The charreada is the original rodeo developed in Mexico based on the working practices of charros or working hands. The modern events were developed after the Mexican Revolution when charro traditions were slowly disappearing. A charreada consists of nine events for men and one for women.
Following the breakup of the haciendas by the Mexican Revolution, the charros saw their traditions slipping away. They met in 1921 and formed the Asociación Nacional de Charros to keep the charrería tradition alive. The advent of the Mexican cinema brought greater popularity, especially musicals which combined rancheras with the charro image, akin to the Western and "singing cowboy" genres in the United States.
Mexican Americans in the United States also held various charreadas during the same period, but in the 1970s, the Federación Mexicana de Charrería began assisting them in establishing official charreadas north of the border. They are now quite common. The US champion team now competes in the national competition of Mexico. Forefooting and Steer Tailing of the charreada have met with criticism in the US and have been modified in their practices.
The participants in charreada wear traditional charro clothing. An opening ceremony features organizations and participants parading into the arena on horseback, usually accompanied by a mariachi band playing Zacatecas March. The charreada itself consists of nine scoring events staged in a particular order for men. Unlike rodeos, most charreadas do not award money to the winners as charreadas are considered an amateur, rather than professional sport. Prizes may take the form of trophies. Unlike American rodeo, events are not timed but judged and scored based on finesse and grace. Charreada historically enjoys greater prestige in Mexico than in the United States.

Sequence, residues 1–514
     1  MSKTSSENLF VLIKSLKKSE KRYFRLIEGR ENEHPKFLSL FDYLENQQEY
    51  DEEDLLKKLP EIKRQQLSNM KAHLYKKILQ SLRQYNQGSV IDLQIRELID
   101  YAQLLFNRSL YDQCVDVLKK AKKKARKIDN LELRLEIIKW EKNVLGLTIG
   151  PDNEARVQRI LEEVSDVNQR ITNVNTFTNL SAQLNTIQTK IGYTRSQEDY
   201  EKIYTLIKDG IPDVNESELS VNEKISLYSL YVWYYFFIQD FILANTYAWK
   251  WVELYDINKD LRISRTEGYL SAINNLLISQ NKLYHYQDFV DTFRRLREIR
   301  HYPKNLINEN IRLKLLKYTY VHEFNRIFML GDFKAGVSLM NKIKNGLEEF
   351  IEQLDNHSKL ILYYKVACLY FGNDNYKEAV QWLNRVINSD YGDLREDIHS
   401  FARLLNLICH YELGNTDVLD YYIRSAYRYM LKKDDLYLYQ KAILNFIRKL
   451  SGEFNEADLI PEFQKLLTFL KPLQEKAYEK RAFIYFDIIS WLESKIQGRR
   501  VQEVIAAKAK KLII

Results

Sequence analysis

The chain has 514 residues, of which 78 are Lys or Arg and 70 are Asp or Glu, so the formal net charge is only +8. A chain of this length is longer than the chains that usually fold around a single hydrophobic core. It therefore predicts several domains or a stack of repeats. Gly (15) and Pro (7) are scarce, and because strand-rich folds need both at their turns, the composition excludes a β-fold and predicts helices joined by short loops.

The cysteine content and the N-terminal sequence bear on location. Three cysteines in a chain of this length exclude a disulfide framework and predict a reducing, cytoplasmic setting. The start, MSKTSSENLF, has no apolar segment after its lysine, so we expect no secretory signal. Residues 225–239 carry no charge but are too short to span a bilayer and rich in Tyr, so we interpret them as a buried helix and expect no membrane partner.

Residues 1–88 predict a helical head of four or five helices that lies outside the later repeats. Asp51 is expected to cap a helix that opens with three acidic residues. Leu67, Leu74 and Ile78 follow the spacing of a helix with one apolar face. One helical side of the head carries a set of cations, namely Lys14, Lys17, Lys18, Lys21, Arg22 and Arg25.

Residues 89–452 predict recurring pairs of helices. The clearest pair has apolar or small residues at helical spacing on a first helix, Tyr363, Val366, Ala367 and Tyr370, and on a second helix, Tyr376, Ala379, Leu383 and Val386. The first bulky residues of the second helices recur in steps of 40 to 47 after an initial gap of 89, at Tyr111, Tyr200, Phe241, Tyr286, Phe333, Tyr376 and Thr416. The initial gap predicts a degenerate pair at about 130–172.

Until recently, the charreada was confined to men but a women's precision equestrian event called the escaramuza is now the tenth and final event in a charreada. The event involves women's teams dressed in a style reminiscent of the nineteenth century participating in precisely choreographed patterns for horses.
A charreada is held within a marked-off area of an arena consisting of a lane 12 meters (13 yards) wide by 60 meters (66 yards) long leading into a circle 40 meters (44 yards) in diameter. The participants must wear traditional charro clothing while performing. Preceding the events is an opening ceremony in which the organizations and participants parade into the arena on horseback, usually accompanied by a mariachi band playing Zacatecas March.